Agreed that embodiment, immersion, transportation, identification, "in character" and "in role" are all subtly different things, or at least can be. It's interesting that you see some appeal in both "minimize knowledge disconnect" on one hand but also "distance from player" and "motivation disconnect" on the other. I think that's nicely specific! You want a distinctly alternate self which you can inhabit completely on its own terms, without need for regular reference to real-world stuff like metagame rewards or reference books of setting knowledge. Right?

    For that I'd recommend freeform narrativism. :)
  • Publication didn't happen because I've always hated RPG books that rely heavily on a GM but only support that GM with advice. I want concrete support for Delve GMs, and I haven't been able to cook that up yet. I know what I do when I GM it, but I'm having a hell of a time turning that into anything other than principles and best practices.
    I've been telling this to people since The Forge: You Can Give rules to GMs.
    This ended up being my answer to the problem when I wrote Offline, which I'm selfpublishing here as an ashcan:

    -A procedure for brainstorming the setting/adventure in 8 questions; it takes a lot of load off the GM, everyone starts the game on the same page and cares more about the world that when the GM creates it alone.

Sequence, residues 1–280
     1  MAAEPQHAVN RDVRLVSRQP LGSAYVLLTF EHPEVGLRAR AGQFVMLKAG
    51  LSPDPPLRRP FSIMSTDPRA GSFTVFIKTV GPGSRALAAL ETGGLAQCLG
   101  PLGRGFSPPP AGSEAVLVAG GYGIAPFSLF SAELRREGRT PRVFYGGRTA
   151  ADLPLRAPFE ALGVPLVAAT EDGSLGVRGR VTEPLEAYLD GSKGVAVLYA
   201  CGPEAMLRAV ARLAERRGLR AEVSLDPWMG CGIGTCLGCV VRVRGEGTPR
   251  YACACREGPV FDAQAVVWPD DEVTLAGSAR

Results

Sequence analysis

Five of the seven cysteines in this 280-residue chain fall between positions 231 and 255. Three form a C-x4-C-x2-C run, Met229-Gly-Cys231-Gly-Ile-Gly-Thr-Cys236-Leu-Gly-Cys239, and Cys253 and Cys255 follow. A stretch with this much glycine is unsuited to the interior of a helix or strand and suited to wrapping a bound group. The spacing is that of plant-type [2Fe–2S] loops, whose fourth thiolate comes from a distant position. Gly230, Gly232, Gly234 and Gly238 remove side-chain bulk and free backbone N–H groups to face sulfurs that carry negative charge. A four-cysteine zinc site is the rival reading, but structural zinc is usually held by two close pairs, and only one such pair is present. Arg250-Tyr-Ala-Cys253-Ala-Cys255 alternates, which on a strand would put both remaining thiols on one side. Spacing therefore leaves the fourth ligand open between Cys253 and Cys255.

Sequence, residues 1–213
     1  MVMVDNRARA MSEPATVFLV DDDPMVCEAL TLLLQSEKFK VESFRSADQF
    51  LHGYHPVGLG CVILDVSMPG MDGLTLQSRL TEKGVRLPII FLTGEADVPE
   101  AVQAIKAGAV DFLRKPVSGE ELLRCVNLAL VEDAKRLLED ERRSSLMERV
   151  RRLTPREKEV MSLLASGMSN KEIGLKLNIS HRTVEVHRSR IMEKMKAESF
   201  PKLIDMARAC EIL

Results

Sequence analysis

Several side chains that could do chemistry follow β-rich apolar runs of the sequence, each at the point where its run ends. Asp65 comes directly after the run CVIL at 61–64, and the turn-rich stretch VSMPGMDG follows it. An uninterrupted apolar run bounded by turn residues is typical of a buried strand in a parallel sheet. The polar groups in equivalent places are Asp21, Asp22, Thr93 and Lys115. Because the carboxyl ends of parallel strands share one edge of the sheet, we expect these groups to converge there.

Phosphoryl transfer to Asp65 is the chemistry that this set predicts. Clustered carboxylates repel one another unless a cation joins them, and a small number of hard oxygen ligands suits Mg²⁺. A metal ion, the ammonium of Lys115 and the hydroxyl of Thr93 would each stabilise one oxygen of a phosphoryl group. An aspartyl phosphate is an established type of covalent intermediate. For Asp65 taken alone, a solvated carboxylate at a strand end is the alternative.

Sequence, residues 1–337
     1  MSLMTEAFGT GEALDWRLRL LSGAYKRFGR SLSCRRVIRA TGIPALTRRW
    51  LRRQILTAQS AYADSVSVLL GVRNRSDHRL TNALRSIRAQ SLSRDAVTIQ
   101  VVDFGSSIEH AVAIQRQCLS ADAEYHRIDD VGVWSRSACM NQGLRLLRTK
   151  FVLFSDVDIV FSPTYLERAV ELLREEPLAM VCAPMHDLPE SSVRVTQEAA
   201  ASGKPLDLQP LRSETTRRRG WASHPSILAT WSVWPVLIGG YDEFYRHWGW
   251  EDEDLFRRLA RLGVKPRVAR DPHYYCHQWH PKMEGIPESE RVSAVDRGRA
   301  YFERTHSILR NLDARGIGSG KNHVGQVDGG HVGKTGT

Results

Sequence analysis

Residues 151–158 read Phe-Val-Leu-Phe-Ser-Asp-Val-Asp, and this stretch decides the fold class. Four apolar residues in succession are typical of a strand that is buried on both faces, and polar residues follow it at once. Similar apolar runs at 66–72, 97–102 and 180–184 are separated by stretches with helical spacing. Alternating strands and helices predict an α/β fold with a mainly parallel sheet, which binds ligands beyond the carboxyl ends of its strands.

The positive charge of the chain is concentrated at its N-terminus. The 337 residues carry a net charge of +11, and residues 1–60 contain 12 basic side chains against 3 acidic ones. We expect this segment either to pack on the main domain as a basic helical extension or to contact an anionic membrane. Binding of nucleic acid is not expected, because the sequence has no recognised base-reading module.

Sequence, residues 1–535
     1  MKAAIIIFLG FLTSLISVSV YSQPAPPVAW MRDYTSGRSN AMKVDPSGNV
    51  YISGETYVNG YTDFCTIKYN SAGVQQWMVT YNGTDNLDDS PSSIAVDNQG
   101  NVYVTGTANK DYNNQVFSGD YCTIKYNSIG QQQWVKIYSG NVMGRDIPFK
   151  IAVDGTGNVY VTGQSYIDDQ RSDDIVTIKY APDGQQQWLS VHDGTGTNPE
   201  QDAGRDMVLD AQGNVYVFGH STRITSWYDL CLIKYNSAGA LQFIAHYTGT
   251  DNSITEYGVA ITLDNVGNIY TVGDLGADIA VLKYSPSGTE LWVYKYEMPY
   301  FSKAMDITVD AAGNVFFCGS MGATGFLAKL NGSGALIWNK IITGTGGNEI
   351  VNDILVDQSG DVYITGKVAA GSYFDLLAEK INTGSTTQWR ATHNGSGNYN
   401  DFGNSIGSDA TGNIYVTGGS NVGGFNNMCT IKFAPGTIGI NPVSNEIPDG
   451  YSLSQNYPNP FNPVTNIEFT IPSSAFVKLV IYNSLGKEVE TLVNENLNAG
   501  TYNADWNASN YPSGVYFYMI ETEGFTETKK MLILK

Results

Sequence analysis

-A comic (You know I totally stole this idea from you, right?) explains how the game conversation goes along with the main conflict resolution mechanic, showing in parallel what's happening in the imagination of the players. Works better than just an AP written example.

    -All good GM practices are expressed as rules/procedures. It's a social psychology trick: express things as advice and people will disregard them and try to obtain results in their own way; do it as rules/procedures and people will follow them until they see the results you want them to experience. They can ditch the rules later if they don't like them, but at least you showed them what the game is meant to do. Also, expressing them as good advice gives the message that they may or may not work, which, while it's true, it doesn't give a new GM confidence enough to be sure about what she's doing.

    The procedures stated in Offline consistently produce a simple straightforward plot, something a new GM can trust and use again and again. Once she get's the gist of it, she will be free to ditch it and make plots of her own, but until that she can trust that following the procedures will be enough.